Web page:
The group could, in other words, design courses and course modules that would address basic issues currently facing American education. It would allow faculty to:

  • embed the computer naturally within the humanities curriculum, by using it, not simply as an electronic page, or even solely as a means to associatively gather information on related topics, but as a way to record and ratify the reader’s exploration of the text;
  • incorporate the teaching of integrative, evaluative skills in the module design itself, rather than simply in the instructor’s discourse;
  • engage readers in a continuous evaluation of their own thought, by showing that they are clearly involved in and responsible for the intellectual, moral and interpretative choices they make.

These activities-exploring, incorporating, engaging, evaluating-seemed to CRIT (a) the natural consequence of the user’s involvement with the computer, but also, most importantly, (b) the very heart of teaching in the humanities.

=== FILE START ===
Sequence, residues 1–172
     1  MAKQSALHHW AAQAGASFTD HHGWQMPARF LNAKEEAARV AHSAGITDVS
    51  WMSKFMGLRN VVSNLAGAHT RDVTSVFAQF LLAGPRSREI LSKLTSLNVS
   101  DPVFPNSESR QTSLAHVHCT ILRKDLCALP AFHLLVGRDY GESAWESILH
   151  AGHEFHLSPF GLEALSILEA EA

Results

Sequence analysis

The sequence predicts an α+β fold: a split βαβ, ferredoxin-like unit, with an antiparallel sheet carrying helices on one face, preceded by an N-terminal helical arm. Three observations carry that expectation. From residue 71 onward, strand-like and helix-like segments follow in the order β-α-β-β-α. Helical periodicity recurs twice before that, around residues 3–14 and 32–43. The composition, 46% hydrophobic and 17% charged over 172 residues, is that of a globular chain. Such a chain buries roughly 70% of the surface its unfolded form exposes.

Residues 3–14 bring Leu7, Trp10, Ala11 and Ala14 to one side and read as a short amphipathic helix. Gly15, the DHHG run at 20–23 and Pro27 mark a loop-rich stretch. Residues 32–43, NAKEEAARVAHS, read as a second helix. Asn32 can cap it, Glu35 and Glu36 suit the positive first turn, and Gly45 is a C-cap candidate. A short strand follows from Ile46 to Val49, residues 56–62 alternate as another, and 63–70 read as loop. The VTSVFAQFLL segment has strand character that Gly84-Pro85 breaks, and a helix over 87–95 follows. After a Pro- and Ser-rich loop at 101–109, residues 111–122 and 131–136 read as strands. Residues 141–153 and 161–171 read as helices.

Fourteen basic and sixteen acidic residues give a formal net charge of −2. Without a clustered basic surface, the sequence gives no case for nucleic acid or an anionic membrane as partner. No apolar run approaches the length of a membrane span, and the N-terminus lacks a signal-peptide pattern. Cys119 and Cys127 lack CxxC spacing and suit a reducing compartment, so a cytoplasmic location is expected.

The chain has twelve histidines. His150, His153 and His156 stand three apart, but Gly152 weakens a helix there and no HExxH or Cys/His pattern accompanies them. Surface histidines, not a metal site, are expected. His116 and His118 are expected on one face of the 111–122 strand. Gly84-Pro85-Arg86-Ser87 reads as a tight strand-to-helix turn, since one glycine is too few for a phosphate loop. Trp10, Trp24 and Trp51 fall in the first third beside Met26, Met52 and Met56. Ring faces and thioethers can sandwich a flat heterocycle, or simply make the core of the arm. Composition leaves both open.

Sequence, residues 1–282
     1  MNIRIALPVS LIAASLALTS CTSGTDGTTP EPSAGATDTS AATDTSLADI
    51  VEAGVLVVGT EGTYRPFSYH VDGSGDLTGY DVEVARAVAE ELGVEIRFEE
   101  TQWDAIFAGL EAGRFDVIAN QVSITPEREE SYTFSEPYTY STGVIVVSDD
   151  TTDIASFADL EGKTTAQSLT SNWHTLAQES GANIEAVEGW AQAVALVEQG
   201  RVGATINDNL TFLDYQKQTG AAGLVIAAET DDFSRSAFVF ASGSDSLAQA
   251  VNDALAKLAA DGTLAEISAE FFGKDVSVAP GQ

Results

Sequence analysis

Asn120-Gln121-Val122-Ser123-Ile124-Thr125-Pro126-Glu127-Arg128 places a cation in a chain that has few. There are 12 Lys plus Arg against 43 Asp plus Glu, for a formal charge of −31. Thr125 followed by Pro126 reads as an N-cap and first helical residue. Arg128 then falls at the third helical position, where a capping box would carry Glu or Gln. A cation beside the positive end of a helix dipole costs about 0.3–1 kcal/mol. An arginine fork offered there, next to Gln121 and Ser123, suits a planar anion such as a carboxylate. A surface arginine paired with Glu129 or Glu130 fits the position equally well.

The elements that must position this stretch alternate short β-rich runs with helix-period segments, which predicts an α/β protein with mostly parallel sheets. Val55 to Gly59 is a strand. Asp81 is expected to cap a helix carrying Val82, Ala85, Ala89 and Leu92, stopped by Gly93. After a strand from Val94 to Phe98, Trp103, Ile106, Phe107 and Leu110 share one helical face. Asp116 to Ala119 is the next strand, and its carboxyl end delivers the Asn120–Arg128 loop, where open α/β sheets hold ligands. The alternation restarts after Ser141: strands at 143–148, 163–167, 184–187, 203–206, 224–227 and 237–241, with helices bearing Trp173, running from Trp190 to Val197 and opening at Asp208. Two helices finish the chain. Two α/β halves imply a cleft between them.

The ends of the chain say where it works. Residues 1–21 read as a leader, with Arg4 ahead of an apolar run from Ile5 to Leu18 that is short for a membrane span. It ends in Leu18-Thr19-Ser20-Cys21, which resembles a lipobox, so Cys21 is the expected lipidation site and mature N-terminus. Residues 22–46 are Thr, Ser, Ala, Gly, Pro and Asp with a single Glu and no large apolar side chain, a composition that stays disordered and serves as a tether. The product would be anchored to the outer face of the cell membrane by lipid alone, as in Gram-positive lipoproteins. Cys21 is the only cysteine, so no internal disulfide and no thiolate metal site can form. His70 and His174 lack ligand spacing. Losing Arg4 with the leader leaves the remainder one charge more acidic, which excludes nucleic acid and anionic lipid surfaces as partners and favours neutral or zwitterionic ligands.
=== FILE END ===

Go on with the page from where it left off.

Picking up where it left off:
What is most relevant about the CRIT project is the cooperative involvement of many components of the university community, from various humanities’ disciplines to computing and media services, in the development of a computing tool that integrates teaching and learning with the new tools of computing. From the beginning of the project, the goal of the group has been to investigate new ways of learning both in the classroom as well as on a personal level. They have already made remarkable progress towards this goal.


  1. Reed College Catalog, 1988-89 pg. 172.